Louw Smit, sales director at Crane & Hoist Equipment SA, says with higher buildings the order of the day, Potain tower cranes can be specially configured for better standing height.
With higher buildings the order of the day, Potain tower cranes can be specially configured for better standing height.
According to Louw Smit, sales director at Crane & Hoist Equipment SA, this allows the hook height to be raised without the added cost of anchoring or jacking. The company is the southern African dealer for Potain cranes.
“Configuring the mast makes the crane more suitable for the high-rise structures that are popular in today’s construction sector,” says Smit. “It adds to the freestanding height of the tower crane itself, without the need to tie the crane onto the building. This saves time and money, as anchoring and jacking are expensive.”
He highlights, however, that the special configuration option needs a high level of expertise and experience.
“It is vital that contractors partner with technical tower crane experts like Crane & Hoist Equipment SA, who have in-depth knowledge of tower cranes configurations,” he says.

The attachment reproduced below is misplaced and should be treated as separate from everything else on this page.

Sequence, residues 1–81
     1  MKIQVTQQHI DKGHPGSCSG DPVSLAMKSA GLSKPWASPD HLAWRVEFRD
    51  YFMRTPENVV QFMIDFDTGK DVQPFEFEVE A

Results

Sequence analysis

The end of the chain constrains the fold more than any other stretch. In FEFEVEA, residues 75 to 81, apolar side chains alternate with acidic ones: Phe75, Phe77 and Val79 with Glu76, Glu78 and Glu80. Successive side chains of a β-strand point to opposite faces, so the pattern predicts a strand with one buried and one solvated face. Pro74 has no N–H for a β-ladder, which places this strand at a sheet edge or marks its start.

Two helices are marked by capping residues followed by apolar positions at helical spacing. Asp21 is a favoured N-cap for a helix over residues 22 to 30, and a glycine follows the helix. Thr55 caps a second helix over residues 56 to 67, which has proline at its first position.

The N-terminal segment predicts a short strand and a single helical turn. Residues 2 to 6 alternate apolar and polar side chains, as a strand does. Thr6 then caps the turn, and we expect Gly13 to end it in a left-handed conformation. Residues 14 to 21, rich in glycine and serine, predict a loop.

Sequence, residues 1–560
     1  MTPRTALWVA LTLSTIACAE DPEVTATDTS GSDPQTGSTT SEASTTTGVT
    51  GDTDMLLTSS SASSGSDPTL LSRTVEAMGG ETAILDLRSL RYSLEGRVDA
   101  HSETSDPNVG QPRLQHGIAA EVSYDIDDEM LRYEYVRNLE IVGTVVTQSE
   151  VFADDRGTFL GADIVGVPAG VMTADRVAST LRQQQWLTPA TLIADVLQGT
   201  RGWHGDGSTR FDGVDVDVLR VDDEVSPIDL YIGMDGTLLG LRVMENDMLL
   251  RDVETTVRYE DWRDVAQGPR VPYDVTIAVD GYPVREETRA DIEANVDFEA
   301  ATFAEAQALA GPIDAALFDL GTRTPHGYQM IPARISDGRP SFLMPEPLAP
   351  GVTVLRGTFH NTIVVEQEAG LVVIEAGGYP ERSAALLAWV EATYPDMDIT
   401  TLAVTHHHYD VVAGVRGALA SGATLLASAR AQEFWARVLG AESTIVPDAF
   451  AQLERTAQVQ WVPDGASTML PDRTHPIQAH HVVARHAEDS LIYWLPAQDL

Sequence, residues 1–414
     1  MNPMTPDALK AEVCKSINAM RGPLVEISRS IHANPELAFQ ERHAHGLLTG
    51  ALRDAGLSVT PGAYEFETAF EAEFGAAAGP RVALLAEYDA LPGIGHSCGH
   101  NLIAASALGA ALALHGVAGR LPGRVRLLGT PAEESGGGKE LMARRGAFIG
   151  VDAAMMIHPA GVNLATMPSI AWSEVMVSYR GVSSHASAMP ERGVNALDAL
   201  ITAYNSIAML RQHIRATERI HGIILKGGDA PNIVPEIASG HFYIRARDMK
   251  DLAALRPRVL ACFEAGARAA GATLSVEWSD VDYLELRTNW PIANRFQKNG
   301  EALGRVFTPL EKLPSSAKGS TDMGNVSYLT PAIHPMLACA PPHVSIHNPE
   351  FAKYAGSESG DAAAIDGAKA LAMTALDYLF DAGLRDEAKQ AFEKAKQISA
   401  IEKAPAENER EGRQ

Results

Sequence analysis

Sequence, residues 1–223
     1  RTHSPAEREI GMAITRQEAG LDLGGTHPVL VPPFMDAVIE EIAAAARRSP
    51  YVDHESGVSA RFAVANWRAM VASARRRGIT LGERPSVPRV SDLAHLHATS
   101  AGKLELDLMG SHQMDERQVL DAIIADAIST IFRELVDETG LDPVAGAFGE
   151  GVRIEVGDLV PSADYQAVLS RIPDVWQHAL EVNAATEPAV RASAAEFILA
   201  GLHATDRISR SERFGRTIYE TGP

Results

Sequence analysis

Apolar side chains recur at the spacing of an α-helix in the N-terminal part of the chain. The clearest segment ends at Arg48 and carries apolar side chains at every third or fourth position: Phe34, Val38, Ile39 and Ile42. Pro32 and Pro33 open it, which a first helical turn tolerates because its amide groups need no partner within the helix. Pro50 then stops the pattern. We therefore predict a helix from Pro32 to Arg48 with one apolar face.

The process can be implemented by starting with bigger mast sections and then adapting to the normal mast size – giving a better hook height. This differs from the standard configuration available on the crane’s specification sheet, and offers greater flexibility at reduced expense to the customer.
Crane & Hoist Equipment SA deals in both rental and sales of Potain tower cranes. Its own rental fleet comprises eight top-slewing cranes and one bottom-slewing crane.
“Our rental fleet is well-suited to meet the needs of small and medium-sized projects, where lifting capacity of between 5 tonnes and 8 tonnes is required, with jib lengths of 50 metres to 60 metres,” Smit concludes.